Unless there was a compelling reason for the driver to be unaware of the pedestrian in the road in time to avoid hitting the pedestrian, the driver committed manslaughter under California law. If anyone knows of the compelling reason, let me know. It wasn't in the report.
Chow U

United States

#12 May 11, 2010
The term jaywalking actually covers a multitude of pedestrian infractions, mostly involving a failure to cross city streets at designated intersections or crosswalks. Jaywalking can be considered a misdemeanor if a police officer considers the pedestrian's actions to be a deliberate violation of an existing ordinance. Otherwise, the officer may choose to issue a stern warning against future infractions. The fine for a jaywalking ticket can be surprisingly substantial, similar to misdemeanor moving violations for drivers.

Jaywalking can be a very hazardous practice for pedestrians and drivers alike. Drivers may anticipate other drivers returning to their parked vehicles, but they may not be prepared for pedestrians suddenly crossing the street between those parked cars. Even if the traffic conditions are slow in one direction of traffic, a jaywalker may find himself or herself trapped in the middle of the street when vehicles appear in the opposite lane.

Another danger inherent in jaywalking is a sudden change in a pedestrian's direction. Intersections with crosswalks are designed to allow pedestrian traffic to cross laterally, not diagonally. Vehicle traffic still flows legally in the opposing direction, but some pedestrians choose to cross diagonally against traffic as an illegal time saver. Crossing the street against the flow of traffic or changing directions in midstream are perhaps the most flagrant violations of jaywalking ordinances.
Chow U

United States

#13 May 11, 2010
Whoever is right or wrong,guilty or innocent it's still a sad story with a very unhappy ending for all involved.

Magalia, CA

#14 May 12, 2010
Chow U wrote:
Whoever is right or wrong,guilty or innocent it's still a sad story with a very unhappy ending for all involved.
I agree! This is a sad situation for both parties involved.

Since: Mar 10

Location hidden

#15 May 12, 2010
In California, that a pedestrian was jaywalking is no excuse for striking him with a vehicle. Failure to take reasonable measures to avoid hitting a pedestrian anywhere on the road is at least assault with a deadly weapon/vehicle if a pedestrian is struck.

United States

#16 May 12, 2010
Billy you did report all this to the CHP right? The report says nothing about the pedestrian being almost entirely across the street and it also says nothing about arrests being made. Actually it says that he had just stepped out in the street as well as was struck by the right side of the vehicle which would be accurate to just having stepped out in to the street. It says nothing about how long the man had been in the street or how far he had gotten across it, just that he had just stepped in to the street. I don't know about anyone else but that seems to tell me that the driver didn't have very quick to respond.

No denying this is a horrifying accident and hits extremely close to home for a lot of people. This mans family has lost a father, grandfather, etc. But I'm sure this driver lost a lot of himself too.

Rather than sitting on the sidelines and damning the driver, maybe we should all just pray for everyone affected by it and wait for the police to do their investigation. Then we can start convicting this man if necessary.

United States

#17 May 12, 2010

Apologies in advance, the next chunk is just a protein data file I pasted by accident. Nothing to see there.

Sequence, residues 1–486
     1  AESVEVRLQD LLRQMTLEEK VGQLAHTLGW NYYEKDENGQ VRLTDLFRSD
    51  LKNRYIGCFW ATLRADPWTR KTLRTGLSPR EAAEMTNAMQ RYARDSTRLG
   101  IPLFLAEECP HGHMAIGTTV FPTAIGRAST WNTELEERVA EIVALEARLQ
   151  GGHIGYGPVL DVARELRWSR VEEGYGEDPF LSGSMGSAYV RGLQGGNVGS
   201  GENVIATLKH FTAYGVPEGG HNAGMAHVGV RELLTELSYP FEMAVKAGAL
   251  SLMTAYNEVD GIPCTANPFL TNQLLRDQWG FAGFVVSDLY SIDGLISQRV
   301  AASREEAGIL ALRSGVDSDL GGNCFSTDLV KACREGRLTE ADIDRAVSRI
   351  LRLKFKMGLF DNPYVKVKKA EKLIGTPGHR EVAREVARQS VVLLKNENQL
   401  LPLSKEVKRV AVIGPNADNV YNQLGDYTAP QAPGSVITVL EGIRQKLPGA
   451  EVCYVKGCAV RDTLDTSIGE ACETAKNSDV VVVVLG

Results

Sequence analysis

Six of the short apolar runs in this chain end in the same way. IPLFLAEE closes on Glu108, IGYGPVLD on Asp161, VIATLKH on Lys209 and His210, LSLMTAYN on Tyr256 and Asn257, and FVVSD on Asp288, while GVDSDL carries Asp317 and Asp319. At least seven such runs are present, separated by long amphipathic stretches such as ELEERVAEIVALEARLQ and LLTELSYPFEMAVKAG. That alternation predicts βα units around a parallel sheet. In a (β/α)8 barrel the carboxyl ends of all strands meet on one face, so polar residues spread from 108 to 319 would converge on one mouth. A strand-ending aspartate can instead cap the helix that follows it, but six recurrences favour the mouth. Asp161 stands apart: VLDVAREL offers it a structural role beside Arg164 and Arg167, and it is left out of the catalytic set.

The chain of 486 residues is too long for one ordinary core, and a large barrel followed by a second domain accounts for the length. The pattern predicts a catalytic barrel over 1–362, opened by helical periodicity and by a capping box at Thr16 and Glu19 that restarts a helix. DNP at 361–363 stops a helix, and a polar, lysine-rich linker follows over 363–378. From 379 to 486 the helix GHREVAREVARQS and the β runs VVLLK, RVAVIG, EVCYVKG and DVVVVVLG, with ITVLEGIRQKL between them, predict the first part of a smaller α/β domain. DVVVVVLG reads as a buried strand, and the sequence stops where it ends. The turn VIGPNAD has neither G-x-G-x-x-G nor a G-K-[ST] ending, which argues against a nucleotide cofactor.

This is a horrifying accident sometimes in life you can be at the wrong place at the wrong time. It happens with all of us.Who are you to judge what happen, if you are not there. I get so tired to of people judging other people in this world that they don't know. Or situations that they don't know all the facts.People need to learn from this don't be so quick to judge other people. we are not GOD.We will all have to face our own judgments one day.So we all need to keep in minded it was a accident and they do happen just some are worse than others.Its a devastating for both families..

Stockton, CA

#18 May 12, 2010
You obviously haven't ever cared for an elderly parent. Sometimes you can't stop them from doing what they want to do. You can stop a five-year-old, but you can't stop a 91-year-old. What do you do? Spank them, lock them in, forbid them to go go out?
Maybe he had walked to the store for years and wouldn't stop.

United States

#19 May 12, 2010
What do you do? Family should trade off on talking care of family members. if you cant do that then you pay some to help..

United States

#20 May 12, 2010
Billy W says, ""In California, that a pedestrian was jaywalking is no excuse for striking him with a vehicle.""

Do you actually believe that the driver saw a jaywalker and thought the driver was going to run the jaywalker down, because he had a perfectly good excuse, a rationalization, a reason, to run over a fellow human being, because he was 'jaywalking? Is that really what you think?

Billy W. says, ""Failure to take reasonable measures to avoid hitting a pedestrian...""

What makes you think reasonable measures weren't taken? No one has answered my question, How many feet does it take to come to a stop when you are traveling 45 miles per hour, which I believe is the posted speed limit.

Billy W.,

You are nowhere near a position to be judge and jury of this incident. In fact, your assumptions are ... well assumptions.

You are also causing unnecessary grief for BOTH parties involved. The Mullin family didn't want to lose a loved one and the Wayman family didn't want to take a life. This was an tragic accident.

It appears you are trolling for a reaction. You are trying to incite emotions. You do NOT know what happened. You have no ability to know what was in the minds of either party. Quite frankly, your assumptive posts are revolting.

Mr. Mullin, rest in peace and may God be with you.
Billy W., please find the wisdom to keep your opinions to yourself.